Coach Training

Getting Training on How to Lead the
Conservation Standards Process

Photo Credit: Jason Houston

What is Coach Training?

Coach trainings have occurred since 2004, but since 2012, CCNet has used an intensive weeklong format for training coaches. The training is meant for those already experienced with the Conservation Standards, who have the opportunity or the mandate to lead conservation project teams, and who feel ready to increase their knowledge.

Preparation for a coach training includes participation in one or more Conservation Standards planning and implementation processes. Ideally, some additional training as a coach-in-training under the tutelage of an experienced coach in a single or multi-team planning or peer review process will have occurred.

A maximum of 20 participants is typical for a coach training. CCNet coach trainers (typically 3 per training) are generally very experienced coaches who have worked with all sorts of teams in all sorts of settings. We maintain a short list of trainers who have been given specific training in how to deliver a CCNet training, and at least one of the trainers should be someone the CCNet coordination team endorses. Please coordinate with the CCNet core team (John Morrison and Cristina Lasch) to find a trainer appropriate for your region and native language.

Here is a typical coach training agenda.

Another way coaches receive training is helping out with multi-team workshops, where several conservation teams work simultaneously to develop their projects. Typically, each team has a coach-in-training assisting them, under the supervision of a more experienced coach. These multi-team workshops are a great way for coaches to get valuable roadmiles.

Check out upcoming coach trainings in your region below.

Upcoming CCNet sponsored Conservation Coach Trainings are found here.

Are you looking for trainings on the Conservation Standards method?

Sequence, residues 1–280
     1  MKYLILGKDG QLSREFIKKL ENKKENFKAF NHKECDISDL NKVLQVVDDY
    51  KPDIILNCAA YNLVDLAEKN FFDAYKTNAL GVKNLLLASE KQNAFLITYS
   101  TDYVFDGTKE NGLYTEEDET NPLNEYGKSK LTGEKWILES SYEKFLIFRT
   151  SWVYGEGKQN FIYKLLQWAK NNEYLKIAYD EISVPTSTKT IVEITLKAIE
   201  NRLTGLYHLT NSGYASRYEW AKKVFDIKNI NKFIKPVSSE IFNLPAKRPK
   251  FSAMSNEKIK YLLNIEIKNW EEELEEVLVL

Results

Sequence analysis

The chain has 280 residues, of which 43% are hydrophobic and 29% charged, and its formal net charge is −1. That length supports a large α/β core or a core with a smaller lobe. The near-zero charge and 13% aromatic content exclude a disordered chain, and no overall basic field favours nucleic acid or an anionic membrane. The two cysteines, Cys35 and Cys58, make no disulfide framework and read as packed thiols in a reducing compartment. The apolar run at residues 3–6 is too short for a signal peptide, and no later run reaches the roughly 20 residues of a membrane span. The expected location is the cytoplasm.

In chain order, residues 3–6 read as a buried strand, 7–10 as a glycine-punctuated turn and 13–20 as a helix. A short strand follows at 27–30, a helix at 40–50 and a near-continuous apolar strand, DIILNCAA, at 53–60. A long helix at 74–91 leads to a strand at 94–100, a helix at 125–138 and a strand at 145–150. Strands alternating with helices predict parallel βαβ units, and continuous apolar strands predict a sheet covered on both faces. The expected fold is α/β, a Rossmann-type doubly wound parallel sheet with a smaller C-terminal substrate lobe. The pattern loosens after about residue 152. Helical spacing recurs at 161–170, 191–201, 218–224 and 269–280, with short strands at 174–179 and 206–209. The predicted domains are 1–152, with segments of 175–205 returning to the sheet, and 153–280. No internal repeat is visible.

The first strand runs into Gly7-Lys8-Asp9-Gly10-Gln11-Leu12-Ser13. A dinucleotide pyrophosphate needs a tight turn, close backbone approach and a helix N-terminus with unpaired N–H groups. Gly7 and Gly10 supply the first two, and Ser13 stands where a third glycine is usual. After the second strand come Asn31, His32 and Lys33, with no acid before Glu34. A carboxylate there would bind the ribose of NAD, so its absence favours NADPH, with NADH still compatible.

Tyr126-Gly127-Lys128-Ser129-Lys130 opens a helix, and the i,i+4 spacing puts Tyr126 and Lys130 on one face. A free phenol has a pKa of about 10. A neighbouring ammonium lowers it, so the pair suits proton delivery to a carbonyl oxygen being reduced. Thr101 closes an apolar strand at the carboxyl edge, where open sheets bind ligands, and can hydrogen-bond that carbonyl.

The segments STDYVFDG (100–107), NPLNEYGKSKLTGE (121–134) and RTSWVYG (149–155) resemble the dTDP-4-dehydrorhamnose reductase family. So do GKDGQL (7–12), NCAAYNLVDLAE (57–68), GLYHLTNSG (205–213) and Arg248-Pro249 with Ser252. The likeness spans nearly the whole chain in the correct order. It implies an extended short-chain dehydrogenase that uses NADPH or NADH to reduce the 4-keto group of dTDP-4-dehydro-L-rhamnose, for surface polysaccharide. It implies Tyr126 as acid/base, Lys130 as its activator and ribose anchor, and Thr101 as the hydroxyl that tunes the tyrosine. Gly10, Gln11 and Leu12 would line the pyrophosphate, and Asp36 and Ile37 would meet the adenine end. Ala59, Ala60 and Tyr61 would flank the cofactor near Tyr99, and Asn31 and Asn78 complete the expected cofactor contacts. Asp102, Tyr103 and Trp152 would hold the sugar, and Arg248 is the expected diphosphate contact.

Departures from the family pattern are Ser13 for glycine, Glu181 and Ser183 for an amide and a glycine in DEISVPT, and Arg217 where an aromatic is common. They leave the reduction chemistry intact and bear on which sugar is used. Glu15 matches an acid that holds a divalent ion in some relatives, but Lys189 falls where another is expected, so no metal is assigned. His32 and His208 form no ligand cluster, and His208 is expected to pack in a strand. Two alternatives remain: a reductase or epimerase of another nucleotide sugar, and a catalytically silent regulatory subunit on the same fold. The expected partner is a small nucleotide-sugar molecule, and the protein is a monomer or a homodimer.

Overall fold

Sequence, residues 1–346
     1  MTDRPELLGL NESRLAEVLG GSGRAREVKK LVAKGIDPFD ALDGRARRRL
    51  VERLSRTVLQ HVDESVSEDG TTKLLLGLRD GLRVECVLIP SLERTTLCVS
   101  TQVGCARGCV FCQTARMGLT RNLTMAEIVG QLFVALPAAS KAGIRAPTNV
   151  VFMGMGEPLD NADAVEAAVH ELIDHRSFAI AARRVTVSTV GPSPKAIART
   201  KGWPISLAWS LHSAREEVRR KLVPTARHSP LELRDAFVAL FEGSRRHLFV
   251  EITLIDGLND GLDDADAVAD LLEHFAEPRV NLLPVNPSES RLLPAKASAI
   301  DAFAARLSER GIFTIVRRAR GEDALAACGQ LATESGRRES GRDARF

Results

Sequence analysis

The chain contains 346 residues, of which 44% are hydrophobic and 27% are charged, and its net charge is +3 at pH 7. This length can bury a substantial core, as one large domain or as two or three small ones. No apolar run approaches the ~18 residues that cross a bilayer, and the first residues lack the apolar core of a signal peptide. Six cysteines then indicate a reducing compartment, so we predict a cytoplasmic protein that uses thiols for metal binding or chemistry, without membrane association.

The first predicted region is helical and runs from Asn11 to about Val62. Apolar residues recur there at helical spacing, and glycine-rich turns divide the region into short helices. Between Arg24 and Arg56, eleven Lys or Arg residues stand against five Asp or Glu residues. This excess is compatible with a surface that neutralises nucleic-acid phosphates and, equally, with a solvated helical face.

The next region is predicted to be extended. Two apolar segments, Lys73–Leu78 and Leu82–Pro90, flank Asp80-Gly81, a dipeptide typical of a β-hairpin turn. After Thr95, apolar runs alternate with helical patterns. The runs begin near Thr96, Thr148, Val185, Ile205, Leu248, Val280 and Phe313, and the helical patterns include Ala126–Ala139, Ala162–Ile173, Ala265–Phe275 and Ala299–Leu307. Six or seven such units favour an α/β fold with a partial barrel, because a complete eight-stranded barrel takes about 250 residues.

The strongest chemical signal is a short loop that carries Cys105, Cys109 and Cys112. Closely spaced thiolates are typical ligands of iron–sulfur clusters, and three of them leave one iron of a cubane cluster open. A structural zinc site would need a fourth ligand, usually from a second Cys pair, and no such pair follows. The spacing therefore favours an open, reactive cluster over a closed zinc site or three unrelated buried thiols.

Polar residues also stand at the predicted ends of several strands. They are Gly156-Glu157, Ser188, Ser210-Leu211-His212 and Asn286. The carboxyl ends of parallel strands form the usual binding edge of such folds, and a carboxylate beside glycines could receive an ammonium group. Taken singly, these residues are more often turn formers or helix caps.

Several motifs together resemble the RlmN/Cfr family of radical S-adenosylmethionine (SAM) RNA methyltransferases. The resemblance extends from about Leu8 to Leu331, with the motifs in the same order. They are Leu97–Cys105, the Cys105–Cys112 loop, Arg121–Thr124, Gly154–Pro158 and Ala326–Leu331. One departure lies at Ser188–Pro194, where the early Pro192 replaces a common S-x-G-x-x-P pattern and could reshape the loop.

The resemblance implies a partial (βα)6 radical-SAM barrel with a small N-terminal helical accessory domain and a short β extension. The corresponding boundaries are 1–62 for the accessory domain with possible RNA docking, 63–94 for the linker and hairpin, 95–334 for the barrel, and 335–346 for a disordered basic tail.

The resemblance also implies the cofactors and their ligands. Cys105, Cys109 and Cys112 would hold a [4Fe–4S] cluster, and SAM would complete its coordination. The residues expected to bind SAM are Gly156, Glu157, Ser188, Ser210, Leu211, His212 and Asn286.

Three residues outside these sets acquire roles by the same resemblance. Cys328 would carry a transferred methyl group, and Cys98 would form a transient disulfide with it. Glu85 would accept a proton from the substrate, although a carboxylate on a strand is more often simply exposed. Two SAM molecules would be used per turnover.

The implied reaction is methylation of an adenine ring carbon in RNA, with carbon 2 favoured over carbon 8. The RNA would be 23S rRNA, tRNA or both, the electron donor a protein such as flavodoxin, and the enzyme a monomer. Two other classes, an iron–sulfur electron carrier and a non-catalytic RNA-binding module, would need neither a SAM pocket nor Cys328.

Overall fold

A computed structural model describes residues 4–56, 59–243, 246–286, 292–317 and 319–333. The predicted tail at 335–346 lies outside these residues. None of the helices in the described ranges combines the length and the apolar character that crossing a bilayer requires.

While CCNet global and regional networks focus their efforts mostly on forming conservation coaches and supporting their continued professional deevelopment, individual regional or thematic networks, conservation coaches or Conservation Measures Partner organizations also offer basic methods trainings on adaptive management and the Conservation Standards and related method adaptations. such as Healthy Country Planning, for example. Here you can find available method trainings.

Past Coaching Training Sessions

Support CCNet Global

The Conservation Coaches Network aims to improve conservation by empowering people to develop, implement, evaluate, adapt and share effective strategies that achieve tangible conservation results benefitting both people and nature all over the world.

Photo Credit: Jason Houston

Coaches Resource Library

CCNet maintains a variety of resources to support Coaches in the presentation and use of the Conservation Standards. Most of the resources are found in multiple languages in the Coaches Notebook that is part of CCNet New Coach Trainings. In addition, in our Resource Library you can find a wealth of support materials shared by Coaches and Conservation Standards practitioners.

Photo Credit: Ashleigh Baker

Our Collaborators

Every organization, agency, project, and individual has its own preferred set of terms. There is no right answer – the most important thing is that the members of your project team and the people with whom you work have a clear and common understanding of whatever terms you choose to use.

Photo Credit: Chris Scarffe

Download CS

The Conservation Standards is the product of inputs, field tests, and discussions among members of the Conservation Measures Partnership (CMP), which has final editorial authority over the Conservation Standards. Substantial input was also provided by members of the Conservation Coaches Network (CCNet) and other CMP partners.

Photo Credit: Felix Cybulla

Contact CCNet

To inquire about supporting CCNet or for general inquiries, please contact:

John Morrison - CCNet Global Coordinator
Cristina Lasch - CCNet Technical Coordinator

Photo Credit: Diane Detoeuf